Next part, how would you like to control/configure your leech ?
You could for example use a power switch to start the (standard programmed) routine, which requires access to a pc when you want to change settings. Looking at the original leech, you may also be able to include some switches/potentiometers to adjust settings without the need of a PC.

Most of the functions needed are described in the first two sections of the built-in tutorial of Arduinos IDE by the way, it shouldn't be too difficult to get a working proto(n)-type ;-)
4  Using Arduino / Project Guidance / Re: Nano stops running and flashes the power LED rapidly... on: August 11, 2014, 04:22:04 am
Hi,
The powerled flashing is strange. If the nano is built like the original design, the led (+resistor) should be connected to +5v and GND only. Even if you would use too much RAM  it shouldn't effect the powerled.

Blinking rapidly could indicate a problem with your power-supply. It would also explain the blanked display, since not only the led, but the controller of your Nano is turned off/on every time the led blinks.

Could you post your complete code (using the #-button) and a schematic of your project ?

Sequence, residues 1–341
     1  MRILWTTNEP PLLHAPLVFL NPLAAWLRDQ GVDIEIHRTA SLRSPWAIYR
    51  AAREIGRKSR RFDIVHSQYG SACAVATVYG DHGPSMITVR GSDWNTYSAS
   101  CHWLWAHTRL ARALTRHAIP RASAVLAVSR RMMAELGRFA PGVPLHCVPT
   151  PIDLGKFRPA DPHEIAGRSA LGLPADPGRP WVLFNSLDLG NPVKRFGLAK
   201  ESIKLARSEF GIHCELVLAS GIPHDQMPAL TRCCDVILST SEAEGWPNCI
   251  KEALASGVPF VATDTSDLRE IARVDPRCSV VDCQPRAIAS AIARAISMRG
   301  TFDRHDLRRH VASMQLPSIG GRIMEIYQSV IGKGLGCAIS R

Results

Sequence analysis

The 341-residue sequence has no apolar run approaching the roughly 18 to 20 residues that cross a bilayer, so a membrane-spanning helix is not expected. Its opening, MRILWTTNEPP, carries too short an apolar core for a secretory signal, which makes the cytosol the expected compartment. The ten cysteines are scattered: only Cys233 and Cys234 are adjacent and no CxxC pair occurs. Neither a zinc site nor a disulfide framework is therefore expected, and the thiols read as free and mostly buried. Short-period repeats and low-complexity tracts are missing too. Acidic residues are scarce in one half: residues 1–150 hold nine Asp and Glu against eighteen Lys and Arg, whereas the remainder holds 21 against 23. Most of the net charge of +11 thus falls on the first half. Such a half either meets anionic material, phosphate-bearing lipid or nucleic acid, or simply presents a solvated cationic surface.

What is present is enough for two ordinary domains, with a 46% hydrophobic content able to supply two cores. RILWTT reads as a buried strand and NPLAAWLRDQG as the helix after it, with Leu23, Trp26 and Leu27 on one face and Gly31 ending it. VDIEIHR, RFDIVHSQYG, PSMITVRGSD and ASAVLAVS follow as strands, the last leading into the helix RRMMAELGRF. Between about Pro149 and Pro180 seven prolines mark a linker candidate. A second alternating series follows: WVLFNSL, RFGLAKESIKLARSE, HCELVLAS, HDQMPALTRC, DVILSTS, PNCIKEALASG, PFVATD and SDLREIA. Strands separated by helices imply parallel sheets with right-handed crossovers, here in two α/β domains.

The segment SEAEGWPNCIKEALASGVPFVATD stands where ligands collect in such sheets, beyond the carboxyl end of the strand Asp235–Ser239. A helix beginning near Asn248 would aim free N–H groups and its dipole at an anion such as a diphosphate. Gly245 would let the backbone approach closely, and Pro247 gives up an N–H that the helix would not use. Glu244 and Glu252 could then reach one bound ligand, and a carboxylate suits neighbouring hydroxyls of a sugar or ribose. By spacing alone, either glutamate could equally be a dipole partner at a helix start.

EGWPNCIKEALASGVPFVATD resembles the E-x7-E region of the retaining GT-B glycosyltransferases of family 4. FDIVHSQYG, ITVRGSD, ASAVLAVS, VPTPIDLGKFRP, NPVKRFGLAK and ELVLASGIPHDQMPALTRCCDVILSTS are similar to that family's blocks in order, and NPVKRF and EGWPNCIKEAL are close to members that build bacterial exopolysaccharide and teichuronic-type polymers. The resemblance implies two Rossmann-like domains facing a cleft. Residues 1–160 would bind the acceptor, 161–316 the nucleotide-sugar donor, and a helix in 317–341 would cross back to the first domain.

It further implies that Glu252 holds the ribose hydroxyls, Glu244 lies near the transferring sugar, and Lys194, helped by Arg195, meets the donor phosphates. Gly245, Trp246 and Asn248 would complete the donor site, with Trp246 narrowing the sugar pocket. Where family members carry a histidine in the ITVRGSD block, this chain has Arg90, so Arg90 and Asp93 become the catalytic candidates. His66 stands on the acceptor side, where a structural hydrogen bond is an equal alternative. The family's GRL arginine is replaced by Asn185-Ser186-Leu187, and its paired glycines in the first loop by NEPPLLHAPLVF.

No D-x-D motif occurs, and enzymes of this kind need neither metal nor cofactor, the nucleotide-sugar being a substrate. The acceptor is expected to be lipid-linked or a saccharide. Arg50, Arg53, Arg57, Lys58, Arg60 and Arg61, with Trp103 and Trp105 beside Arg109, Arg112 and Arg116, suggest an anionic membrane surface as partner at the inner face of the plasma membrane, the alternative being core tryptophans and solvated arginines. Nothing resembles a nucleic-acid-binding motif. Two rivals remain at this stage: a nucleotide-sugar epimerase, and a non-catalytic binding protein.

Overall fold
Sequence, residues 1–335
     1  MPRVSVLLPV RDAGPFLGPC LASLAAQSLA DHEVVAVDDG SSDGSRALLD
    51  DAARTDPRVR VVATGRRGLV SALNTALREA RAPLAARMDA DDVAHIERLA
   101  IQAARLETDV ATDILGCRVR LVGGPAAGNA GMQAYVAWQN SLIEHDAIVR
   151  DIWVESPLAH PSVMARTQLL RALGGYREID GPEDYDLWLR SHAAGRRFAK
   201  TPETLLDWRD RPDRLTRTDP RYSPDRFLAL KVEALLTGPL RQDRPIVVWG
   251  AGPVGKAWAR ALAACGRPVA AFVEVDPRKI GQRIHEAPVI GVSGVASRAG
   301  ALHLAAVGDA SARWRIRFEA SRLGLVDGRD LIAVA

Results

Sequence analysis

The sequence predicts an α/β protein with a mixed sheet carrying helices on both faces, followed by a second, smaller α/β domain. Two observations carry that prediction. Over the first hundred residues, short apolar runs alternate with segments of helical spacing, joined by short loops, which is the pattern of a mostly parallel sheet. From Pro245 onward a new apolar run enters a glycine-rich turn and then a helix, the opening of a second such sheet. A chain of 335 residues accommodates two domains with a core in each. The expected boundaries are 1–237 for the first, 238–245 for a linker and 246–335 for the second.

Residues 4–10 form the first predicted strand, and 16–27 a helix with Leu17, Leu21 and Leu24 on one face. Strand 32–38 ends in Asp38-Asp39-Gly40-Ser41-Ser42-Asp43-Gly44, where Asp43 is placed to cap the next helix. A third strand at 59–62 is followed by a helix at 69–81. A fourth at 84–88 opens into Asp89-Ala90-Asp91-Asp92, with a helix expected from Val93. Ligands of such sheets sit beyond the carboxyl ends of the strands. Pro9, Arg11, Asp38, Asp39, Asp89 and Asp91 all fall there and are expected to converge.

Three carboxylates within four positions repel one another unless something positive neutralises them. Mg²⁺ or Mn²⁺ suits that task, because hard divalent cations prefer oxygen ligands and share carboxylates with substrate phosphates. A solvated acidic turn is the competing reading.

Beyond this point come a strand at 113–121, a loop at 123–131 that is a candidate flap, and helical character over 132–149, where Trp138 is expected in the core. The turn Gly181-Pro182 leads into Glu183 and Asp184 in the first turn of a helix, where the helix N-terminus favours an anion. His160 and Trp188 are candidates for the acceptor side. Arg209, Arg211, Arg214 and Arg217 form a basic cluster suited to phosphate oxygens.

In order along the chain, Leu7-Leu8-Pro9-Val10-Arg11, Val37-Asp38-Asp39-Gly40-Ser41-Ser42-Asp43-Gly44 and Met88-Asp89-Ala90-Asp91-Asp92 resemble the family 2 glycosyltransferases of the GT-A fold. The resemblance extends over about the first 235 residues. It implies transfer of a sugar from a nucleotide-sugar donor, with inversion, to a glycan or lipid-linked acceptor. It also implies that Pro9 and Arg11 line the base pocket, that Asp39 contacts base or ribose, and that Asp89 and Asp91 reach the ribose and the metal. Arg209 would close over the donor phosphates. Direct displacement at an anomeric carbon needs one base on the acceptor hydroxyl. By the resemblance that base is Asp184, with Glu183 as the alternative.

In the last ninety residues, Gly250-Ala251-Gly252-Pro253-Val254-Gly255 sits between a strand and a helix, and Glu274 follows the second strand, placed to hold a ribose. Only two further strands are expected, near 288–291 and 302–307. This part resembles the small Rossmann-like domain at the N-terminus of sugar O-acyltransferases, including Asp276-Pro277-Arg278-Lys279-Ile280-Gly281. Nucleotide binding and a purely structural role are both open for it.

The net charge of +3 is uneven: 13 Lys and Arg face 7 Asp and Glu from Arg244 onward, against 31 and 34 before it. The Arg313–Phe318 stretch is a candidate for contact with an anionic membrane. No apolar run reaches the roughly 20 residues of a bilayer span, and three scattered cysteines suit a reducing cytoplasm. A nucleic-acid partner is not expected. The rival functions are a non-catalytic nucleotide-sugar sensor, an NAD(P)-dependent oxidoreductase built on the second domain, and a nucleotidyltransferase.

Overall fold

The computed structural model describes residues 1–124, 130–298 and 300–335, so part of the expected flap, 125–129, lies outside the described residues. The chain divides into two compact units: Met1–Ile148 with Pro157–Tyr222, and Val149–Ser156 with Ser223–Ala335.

5  Using Arduino / LEDs and Multiplexing / Re: Novice Question re shift registers on: August 08, 2014, 04:27:23 am
A far as I understand the most significant bit, bit 7, is set to zero in your example. It wouldn't blink a light if a led was attached to outputpin 7 when using MSBFIRST-mode.
Personally I would simply connect 8 leds to experiment / see what happens though.

A dice could be treated as a 4 segment object btw. With the 8 outputpins of a shiftregister it is possible to throw 2 dices if you use 6 pins to each light 2 leds and 2 pins to each drive 1 led..

2*3
414
3*2

6*7
858
7*6
(*= no led used)

6  Using Arduino / Project Guidance / Re: What´s the best Arduino for my project? on: August 07, 2014, 04:26:47 am
Must say I haven't tested this technique yet, maybe Capacative sensing could be a solution to check whether the bench is occupied or not.